Accessing the lower observation area we got to view the Craggy Garden Meadow that we hiked earlier in the day. 

The Parkway and the visitors center is seen below....packed with cars!  The lower observation area was far less crowded and provided many nice views of the surrounding mountains.

Looking up at the upper observation deck, we could see the other "hikers" enjoying the 360 degree view.  
Climbing to the top, we were treated to one of the most amazing panorama views on the Blue Ridge Parkway!  We caught the last of the color of the season.
A wonderful mountain lake seemed so small in comparison to the mountain range surrounding it.

The mountains to the north rise to 6000 feet or more!  They seem to span out around us like we are a boat in a large ocean of waves.   

Remembering we were at 5800 feet in elevation, I took note of Mt. Mitchell and Mt. Craig looming large in the background.  These two peaks are the highest mountains east of the Rocky Mountains....majestic peaks rising above the sea of mountain waves!

This trail is almost too easy to rate....the access is a right up to the trail head off the Parkway....the trails are well marked and maintained...a little too sociable though....8.....the scenery is the best in the Blue Ridge the effort to view ratio is low....the best view for the least amount of effort....perfect for those riding the Blue Ridge in the Fall....a "hike" you have to take....overall 8 graded hike....I just like to work harder for a view!  Speaking of which on the way to visit Mt Mitchell....I stopped to get a pic of a distant waterfall....

Glassmine Falls

Glassmine Falls is but a few miles north of Craggy Pinnacle....and it is a good one.  The falls are 800 feet high at an elevation over 5000 to find a way to hike there some day! But most reports say there is no hiking trail to the base of the fall....maybe someone will create one!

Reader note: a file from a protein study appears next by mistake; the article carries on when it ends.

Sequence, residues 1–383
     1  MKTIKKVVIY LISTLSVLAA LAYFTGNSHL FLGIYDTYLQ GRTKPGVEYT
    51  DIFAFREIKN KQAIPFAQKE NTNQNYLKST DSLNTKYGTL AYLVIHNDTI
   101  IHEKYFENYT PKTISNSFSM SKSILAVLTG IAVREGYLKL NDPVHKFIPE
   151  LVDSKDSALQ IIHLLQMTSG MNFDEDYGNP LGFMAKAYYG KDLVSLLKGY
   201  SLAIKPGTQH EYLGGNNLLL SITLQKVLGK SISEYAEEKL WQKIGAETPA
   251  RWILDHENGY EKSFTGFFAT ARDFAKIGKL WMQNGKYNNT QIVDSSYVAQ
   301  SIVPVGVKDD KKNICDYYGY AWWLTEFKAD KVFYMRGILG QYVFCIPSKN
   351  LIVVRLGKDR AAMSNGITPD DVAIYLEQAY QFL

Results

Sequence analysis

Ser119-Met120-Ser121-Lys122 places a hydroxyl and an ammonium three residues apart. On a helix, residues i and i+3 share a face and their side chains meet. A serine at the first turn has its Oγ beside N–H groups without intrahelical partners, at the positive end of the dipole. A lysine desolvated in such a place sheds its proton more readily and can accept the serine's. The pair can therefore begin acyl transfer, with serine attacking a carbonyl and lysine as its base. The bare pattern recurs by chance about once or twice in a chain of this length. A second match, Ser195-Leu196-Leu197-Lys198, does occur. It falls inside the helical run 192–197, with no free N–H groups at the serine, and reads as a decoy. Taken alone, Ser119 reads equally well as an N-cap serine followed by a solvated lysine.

About 10 miles north of Craggy Pinnacle is Mt. Mitchell (6684') can drive to the summit and walk a short distance to the peak....all I can say is that there is a certain majesty to this mountain....if the mountain has a is a proud creature.

From the highest parking lot on the eastern seaboard, we got a good look at Mt Craig ( 6647')   and Big Tom (6581').  Mt Craig is the second highest peak east of the Mississippi and is named after North Carolina Governor  Locke Craig.   Big Tom is the fifth highest peak and is named after Big Tom Wilson, a legendary bear hunter and mountain man who lived in the region.   We had planned to hike both Mt. Craig and Big Tom the previous day but they were fogged in....we will return...the hike from the Mt Mitchell summit is about a four mile round trip and we could see the trails to the summit of Mt Craig from the parking lot.  The view from the parking lot to the west was stunning.

The story of Mt. Mitchell really should be a movie. Rev. Elisha Mitchell was a professor at UNC who set out to prove that Mt Mitchell was the highest mountain on the United States in 1835!   Imagine how remote this mountain peak must have been. How could you travel from Chapel Hill to Mt. Mitchell in 1835!  You get the point.  After declaring Mt. Mitchell to be the highest peak, his claim was disputed by Congressman Thomas Clingman...who wanted his mountain, now named Clingman's Dome to be considered the highest peak..... So what does Elisha Mitchell do....he travels back to the peak in 1857 at age 64.....
He gets lost and dies from a fall from a water fall while trying to get down the mountain at night.   Big Tom Wilson found him....He is buried at the summit of his mountain!
On the day we visited, we were joined by hikers from Outward Bound who were on the 47th day of a 50 day hike...they had hiked only 12 miles this day but had covered over 4000 feet in elevation. It is fitting they took their supper while sitting on the tomb of Elisha Mitchell and marveling at the mountain spread before them.
The haze in the distance prevented my camera from capturing what my eyes saw....displayed in the distance were the familiar peaks of Linville Gorge...Table Rock, Hawksbill and Shortoff and the blue water of Lake James were clearly seen...small and distant.

Don't miss the opportunity to visit this living mountain....cause you can feel its majesty.